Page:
A projectile is shot at an angle of #pi/8 # and a velocity of # 25 m/s#. How far away will the projectile land?

1 Answer
Apr 14, 2016

Answer:

The projectile will land 45.1 metres away.

Explanation:

Part 1, Work out the half flight time.
In projectile problems we ignore air resistance.  So the trajectory is symmetrical about the maximum height.  If we work out the time it takes to reach maximum height we can double that for the full flight time.

At maximum height the vertical component of the velocity is zero.  I will take upwards as positive, therefore initial velocity will be positive and acceleration will be negative.

Use equation of constant acceleration:
#s_v = ?#
#u_v = 25 sin (π/8)#
#v_v = 0#
#a = -9.8 m.s^(-2)#
#t= t_½ # (I am defining # t_½ # as half of the full flight time.)

Use #v=u + at => t_½ = (v_v - u_v)/a#
#=> t_½ = (0 - 25 sin (π/8))/-9.8 = 0.9762…s#

Part 2, Work out the range of the projectile.
The range is horizontal, so we are considering the horizontal aspect of the motion.  The horizontal velocity is constant for projectiles so we use the constant velocity equation.  But remember that in part 1 we calculated half of the full flight time.  So we must use two multiplied by that value in this equation.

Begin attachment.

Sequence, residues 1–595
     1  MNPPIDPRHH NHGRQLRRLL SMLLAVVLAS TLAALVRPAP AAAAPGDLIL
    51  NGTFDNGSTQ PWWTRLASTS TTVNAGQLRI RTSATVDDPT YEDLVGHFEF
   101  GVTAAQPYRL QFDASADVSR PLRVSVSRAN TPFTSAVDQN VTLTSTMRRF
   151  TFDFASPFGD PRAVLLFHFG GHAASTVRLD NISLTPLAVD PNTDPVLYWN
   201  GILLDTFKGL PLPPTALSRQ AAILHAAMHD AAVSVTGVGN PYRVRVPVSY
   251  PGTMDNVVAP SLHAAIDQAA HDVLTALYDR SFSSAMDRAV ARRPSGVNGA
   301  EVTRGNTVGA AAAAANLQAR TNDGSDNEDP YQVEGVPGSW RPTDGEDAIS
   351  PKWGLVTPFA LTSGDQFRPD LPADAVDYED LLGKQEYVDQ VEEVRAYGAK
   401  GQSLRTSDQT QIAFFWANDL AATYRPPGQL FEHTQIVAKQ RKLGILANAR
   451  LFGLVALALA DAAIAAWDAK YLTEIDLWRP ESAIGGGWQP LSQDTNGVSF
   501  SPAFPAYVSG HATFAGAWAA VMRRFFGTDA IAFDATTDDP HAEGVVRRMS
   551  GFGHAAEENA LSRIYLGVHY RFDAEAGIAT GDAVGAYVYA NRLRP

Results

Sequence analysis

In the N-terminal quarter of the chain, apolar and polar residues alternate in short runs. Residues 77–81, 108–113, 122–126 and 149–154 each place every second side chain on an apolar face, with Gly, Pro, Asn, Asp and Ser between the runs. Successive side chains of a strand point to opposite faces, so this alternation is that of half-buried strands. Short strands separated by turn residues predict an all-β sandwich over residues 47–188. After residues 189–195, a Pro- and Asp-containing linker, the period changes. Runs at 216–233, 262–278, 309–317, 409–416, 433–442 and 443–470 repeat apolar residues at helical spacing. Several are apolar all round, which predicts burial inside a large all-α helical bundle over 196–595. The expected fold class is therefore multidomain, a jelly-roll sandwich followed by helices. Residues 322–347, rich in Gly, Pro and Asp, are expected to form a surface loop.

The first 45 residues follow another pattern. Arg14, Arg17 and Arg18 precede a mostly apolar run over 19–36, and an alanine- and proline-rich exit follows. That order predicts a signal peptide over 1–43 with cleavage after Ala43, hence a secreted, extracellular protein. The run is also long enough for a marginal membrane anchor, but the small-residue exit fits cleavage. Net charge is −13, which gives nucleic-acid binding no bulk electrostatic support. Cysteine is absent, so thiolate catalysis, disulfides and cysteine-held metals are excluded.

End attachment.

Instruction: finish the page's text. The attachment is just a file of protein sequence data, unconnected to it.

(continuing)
#s_H = u_H × 2t_½ = 25 cos (π/8) × 2 × t_½ = 45.1 m# (3 sf)


Alternative Part 1, Work out the full flight time.
As I said above, projectile trajectories are symmetrical about the maximum height.  So the magnitude of the initial vertical velocity will be equal to that of the final vertical velocity but in the opposite direction, i.e. #u_v = -v_v#.  We can use that to calculate the full flight time directly as follows.

Use equation of constant acceleration:
#s_v = ?#
#u_v = 25 sin (π/8)#
#v_v = -25 sin (π/8)#
#a = -9.8 m.s^(-2)#
#t= t#

Taking up as positive.
Use #v=u + at => t = (v_v - u_v)/a#
#=> t = (-25 sin (π/8) - 25 sin (π/8))/-9.8 = 1.9525…s#

As you can see the value of t is indeed double that for #t_½# which I calculated above.
#t_½ = 0.976 s#
#t = 1.952 s#
#t = 2t_½ #